Society’s influence on the church is very alarming. In times past, the hero was the father, not Edward (from Twilight). The greatest influence was the mother, not Bella. Kids once quoted Scriptures; now they are casting spells. What a sad commentary on the state of the family today. Hollywood, not the Holy Spirit, is guiding us.
An important question for all Christians to ask is: “Are we ‘affecting’ the world, or is the world ‘infecting’ us?”
A.W. Tozer reminds us: “Where does Christianity destroy itself in a given generation? It destroys itself by not living in the light, by professing a truth it does not obey.”
The church should not reflect or imitate the world, but lovingly confront it. We do the most for the world when we are the least like the world. We are to love them but not learn from them (cf. Ps. 107:35-37). No other decision will impact our lives more than who or what we choose to follow … what we choose to love.
Americans give approximately $4 billion, but spend over $150 billion a year on pleasure. A serious misplacement of priorities.
In biblical terms, fulfilling unhealthy pleasures (or pushing healthy ones to the limit) leads to poverty—financially, relationally and spiritually. He who loves the things of this world will destroy his own soul. “Do not love the world or the things in the world. If anyone loves the world, the love of the Father is not in him” (1 John 2:15).
When pleasures, even good ones, draw us away from God—when they crowd Him out—we are in danger of “loving the world.”
God is in the background while pleasure and self-focus are in the foreground. Granted, finances, relaxation and healthy balanced entertainment are God-given resources that aid in rest and recuperation. This is not the problem; it is the “love” of pleasure and entertainment that leads us away. We cannot serve two masters. We cannot serve the god of this world and the one true God. John Owen, the prolific Puritan author, wrote, “Be killing sin, or sin will be killing you.”
Carnality and lukewarm living wage war against the soul.
The carnal person wants to live without God’s restraints.
Do you struggle in this area?
Here is a test: Does this article anger or convict; are you upset or repentant? The old adage reminds us, “When a rock is thrown into a pile of dogs the one who yelps was struck.” If this article upsets, it applies.
J.C. Ryle in his book on holiness wrote we must stand guard as a soldier on enemy ground. The problem is many who profess to be Christians love the world and have a hard time separating. They believe in heaven, but they don’t truly long for it. They “say” that they fear God but they don’t live like it. They indulge temptation rather than fight it. They enjoy sin rather than confront it. The lukewarm church avoids the heat of conviction. They don’t like many of these articles. Holiness, to them, is outdated—old-fashioned.
Please don’t misunderstand. We all fall short, but our lifestyle should reflect our faith. It’s not about perfection, but direction. Galatians 5:16 reminds us that if we “live by the Spirit,” we will “not gratify the desires of the sinful nature.”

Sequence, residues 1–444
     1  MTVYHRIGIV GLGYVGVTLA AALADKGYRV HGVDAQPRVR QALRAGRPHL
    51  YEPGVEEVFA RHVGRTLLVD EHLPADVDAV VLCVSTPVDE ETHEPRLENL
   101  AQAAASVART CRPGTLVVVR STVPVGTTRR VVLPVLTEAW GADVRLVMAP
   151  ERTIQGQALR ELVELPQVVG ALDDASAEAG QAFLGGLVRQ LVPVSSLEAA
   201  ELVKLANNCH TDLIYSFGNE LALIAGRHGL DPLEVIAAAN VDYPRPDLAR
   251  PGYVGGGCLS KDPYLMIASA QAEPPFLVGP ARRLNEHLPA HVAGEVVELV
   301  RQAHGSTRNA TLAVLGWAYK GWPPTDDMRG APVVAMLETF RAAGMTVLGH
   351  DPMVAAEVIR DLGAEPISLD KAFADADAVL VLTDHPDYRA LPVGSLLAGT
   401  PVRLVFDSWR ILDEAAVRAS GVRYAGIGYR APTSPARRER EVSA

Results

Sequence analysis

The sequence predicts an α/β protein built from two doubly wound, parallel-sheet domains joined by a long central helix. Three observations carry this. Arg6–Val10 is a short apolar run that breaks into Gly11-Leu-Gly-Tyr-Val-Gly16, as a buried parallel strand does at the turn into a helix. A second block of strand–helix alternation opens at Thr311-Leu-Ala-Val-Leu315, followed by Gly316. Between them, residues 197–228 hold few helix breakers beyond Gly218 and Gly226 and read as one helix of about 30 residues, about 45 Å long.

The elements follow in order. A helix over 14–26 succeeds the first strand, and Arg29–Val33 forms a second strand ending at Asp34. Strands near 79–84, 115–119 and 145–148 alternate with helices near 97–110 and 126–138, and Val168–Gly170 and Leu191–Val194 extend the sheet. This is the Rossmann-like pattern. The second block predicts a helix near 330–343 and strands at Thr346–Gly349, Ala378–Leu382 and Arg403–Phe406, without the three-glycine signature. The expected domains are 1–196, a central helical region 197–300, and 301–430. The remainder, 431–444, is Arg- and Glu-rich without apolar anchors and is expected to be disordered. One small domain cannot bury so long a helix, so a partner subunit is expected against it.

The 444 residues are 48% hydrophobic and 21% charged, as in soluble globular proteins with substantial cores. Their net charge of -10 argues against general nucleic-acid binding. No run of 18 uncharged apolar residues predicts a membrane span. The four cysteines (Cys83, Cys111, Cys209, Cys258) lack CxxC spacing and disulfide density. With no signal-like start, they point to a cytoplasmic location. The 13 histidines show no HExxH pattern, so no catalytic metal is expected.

What we feed grows, and what grows can quickly become the dominating force in our lives. Sin is never static; it either grows or withers depending on whether we feed or starve it. A daily diet of violence, lust, anger and depression will fuel those very things in our lives. Pay close attention to what you watch and listen to, what you take pleasure in—the force controlling it ultimately controls you (cf. Eph. 2:12).
What entertains you? Are you drawn to things honorable and excellent or dark and depressing?
Do you prefer programs about vampires, witches, zombies, the occult, illicit sex and perversions? Do you listen to music that stirs and motivates ungodly lusts and attractions?
This isn’t rocket-science: “To be carnally minded is death, but to be spiritually minded is life and peace” (Rom. 8:6). “The more we follow that which is good, the faster and the further we shall flee from that which is evil” (Matthew Henry). A Christian should not be entertained by darkness. If we are entertained, our heart needs spiritual resuscitation.
We, like the mighty Roman Empire that collapsed centuries ago, are crumbling from within. Historian Edward Gibbon once wrote about the conditions of Rome before her fall. The spending of public funds on food and entertainment as well as the mad craze for pleasure and sport topped the list. Sound familiar today?
I believe that anyone who suggests that carnality and lukewarm living are not propelling us in this same direction, does so in sheer ignorance or is in denial because they love the things of this world more than the things of God.
“The gratification of the flesh and the fullness of the Spirit do not go hand in hand” (R.A. Torrey). We cannot feed the flesh and be filled with the Spirit. “No one can serve two masters. For either he will hate the one and love the other, or else he will hold to the one and despise the other. You cannot serve God and money” (Matt. 6:24). You and I cannot serve both God and the god of this world.
Are you willing to do what it takes to protect your relationship with the Lord? It all begins here: “For as he thinks in his heart, so is he” (Prov. 23:7).
9/3/2015 | Shane Idleman | Source: charismanews.com "What America Has in Common With Rome Before Its Fall"